Dallas Movie Screening

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Wednesday, December 20, 2017


* (out of (****)

From top to bottom, Jumanji: Welcome to the Jungle lacks the invention of its predecessor. That film, released in 1995, employed the talents of the late Robin Williams in service of a genuinely clever hybrid of fantasy and adventure with a surprising and rather morbid sincerity at the end. This update, still claiming to be adapted from the Chris Van Allsburg novel, tries for the sincerity in its bookending segments but forgets that there must be something more than trivial moralizing as its connective tissue. As for the “fantasy and adventure” part, well, that problem is located a bit deeper than the surface.

The earlier film’s premise, one might remember, was centered on a board game called Jumanji wherein the player needed to fulfill simple tasks to get to the end. The gimmick was that the “tasks” were usually animals or oversized monsters that would come alive as soon as the player rolled the die. Following a prologue that opens on the closing shot of the earlier film (with the game and its ominous drum beats luring a runner on the beach where it was left to be forgotten by the earlier film’s heroes), this reboot takes on the attitude that, as no one even plays board games anymore, its spirit would transfer itself to a video game console.

There is some comic potential there, and there are times when director Jake Kasdan’s approach to the updated gimmick is clever in how it mimics the functionality of a video game: If an NPC (non-playable character) crosses the paths of the avatars chosen for our young heroes, it speaks a scripted line of dialogue with a programmed response, and if it does not receive that response, it repeats that line of dialogue. That’s about as clever as the screenplay (by Chris McKenna, Jeff Pinkner, Scott Rosenberg, and Erik Sommers) gets, though. Otherwise, there’s an extended joke about how one of the heroes, a ditzy girl glued to the screen of her iPhone, gets turned into an overweight, middle-aged man.

We’ll return to that in a second, as there are the formalities to get out of the way: The characters who discover the video game called Jumanji are a foursome of teens who find themselves in detention: Spencer (Alex Wolff), the nerd, was in for doing the homework of a classmate, and Fridge (Ser’Darius Blain), the jock, is that particular classmate. Bethany (Madison Iseman), the ditz mentioned above, video-chats with a friend in another classroom before her fellow students have finished a quiz, and Martha (Morgan Turner), the loner (who is also Spencer’s crush), mouths off to a teacher about the uselessness of her profession. In other words, they deserve to get the detention they receive because they connive and bicker their way through life and are barely tolerable. Someone among that writing team didn’t think this all the way through.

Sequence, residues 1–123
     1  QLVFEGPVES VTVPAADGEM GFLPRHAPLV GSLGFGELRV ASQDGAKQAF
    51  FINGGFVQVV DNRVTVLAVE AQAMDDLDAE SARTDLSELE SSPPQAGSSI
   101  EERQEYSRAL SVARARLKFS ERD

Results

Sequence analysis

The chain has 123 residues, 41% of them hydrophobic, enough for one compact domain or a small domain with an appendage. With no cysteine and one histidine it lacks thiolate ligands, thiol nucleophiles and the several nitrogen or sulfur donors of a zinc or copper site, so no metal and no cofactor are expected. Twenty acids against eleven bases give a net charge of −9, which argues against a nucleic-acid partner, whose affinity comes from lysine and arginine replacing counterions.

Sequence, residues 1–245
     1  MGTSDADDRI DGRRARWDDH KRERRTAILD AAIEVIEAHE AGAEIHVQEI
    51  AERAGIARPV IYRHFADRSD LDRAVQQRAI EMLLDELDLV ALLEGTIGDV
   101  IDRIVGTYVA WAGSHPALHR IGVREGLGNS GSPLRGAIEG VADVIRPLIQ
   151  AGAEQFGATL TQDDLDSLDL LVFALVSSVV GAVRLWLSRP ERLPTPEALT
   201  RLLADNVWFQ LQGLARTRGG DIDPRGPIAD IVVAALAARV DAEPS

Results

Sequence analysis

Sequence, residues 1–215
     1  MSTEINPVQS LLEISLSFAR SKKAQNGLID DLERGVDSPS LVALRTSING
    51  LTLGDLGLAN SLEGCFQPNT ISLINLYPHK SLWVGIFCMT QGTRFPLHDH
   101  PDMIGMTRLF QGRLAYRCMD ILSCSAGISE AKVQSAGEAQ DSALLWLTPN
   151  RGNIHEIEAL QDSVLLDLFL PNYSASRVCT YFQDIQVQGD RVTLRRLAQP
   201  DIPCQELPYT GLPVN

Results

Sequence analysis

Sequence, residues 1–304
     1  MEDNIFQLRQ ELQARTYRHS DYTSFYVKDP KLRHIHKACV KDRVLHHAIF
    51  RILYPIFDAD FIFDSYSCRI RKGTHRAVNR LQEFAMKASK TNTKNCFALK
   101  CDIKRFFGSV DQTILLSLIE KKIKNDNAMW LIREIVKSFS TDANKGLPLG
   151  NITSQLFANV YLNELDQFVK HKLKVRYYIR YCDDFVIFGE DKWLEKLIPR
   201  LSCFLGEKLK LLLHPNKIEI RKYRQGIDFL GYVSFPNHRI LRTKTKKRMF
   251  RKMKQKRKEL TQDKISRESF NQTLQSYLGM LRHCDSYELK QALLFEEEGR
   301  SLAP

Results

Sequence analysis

They each pick characters in the game and then are sucked into it: Spencer becomes Dr. Smolder Bravestone, which is a great name for a video game character (and, indeed, one of the character’s “strengths” is “smoldering intensity). He is a hulking man at more than six feet and 270 pounds, which means he is obviously played by Dwayne Johnson, allowed to have a bit of fun with his own physicality – until it gets old. Fridge becomes Moose Finbar (Kevin Hart), a zoology expert who is two feet shorter than his human counterpart, and Martha becomes Ruby Roundhouse (Karen Gillan), a Lara Croft-type stunning beauty whose strength is “dance fighting.” That sounds neater than it is in practice, because in practice, it’s just fighting while a song plays in the background.

And then there’s Bethany, whose choice of character in Dr. Shelly Oberon is based on the description “curvy genius.” The film’s most prominent joke is that “Shelly” is short for Sheldon, and the avatar is played by Jack Black, whose “curvy” quality is that he is of a certain size not anticipated by Bethany. She also “just can’t” with the physiology that comes with being a man, meaning that Black adopts the vocal stylings of a stereotypical gay male and has a bit too much fun with a scene where the character must go to the bathroom. Why a video game character needs to go to the bathroom is apparently not a question that was addressed in the writers’ room.

In any case, the plot of the video game itself is just an excuse on which to hang action sequences: It’s something or other to do with a glowing crystal that the villain at the boss level, Van Pelt (Bobby Cannavale), stole for himself and that needs to be returned to its rightful place to break a curse, and yada yada yada. They stumble across another playable character (a pilot played by Nick Jonas), and blah blah blah. Action sequences occur, because this is a video game with levels of increasing difficulty, but Kasdan’s staging alternates between cheap-looking and, because the finale is set at nighttime, murky. Jumanji: Welcome to the Jungle finally mimics a mediocre video game on its twelfth or thirteenth run, which is to say it’s the opposite of fun.
(Review by Joel Copling)

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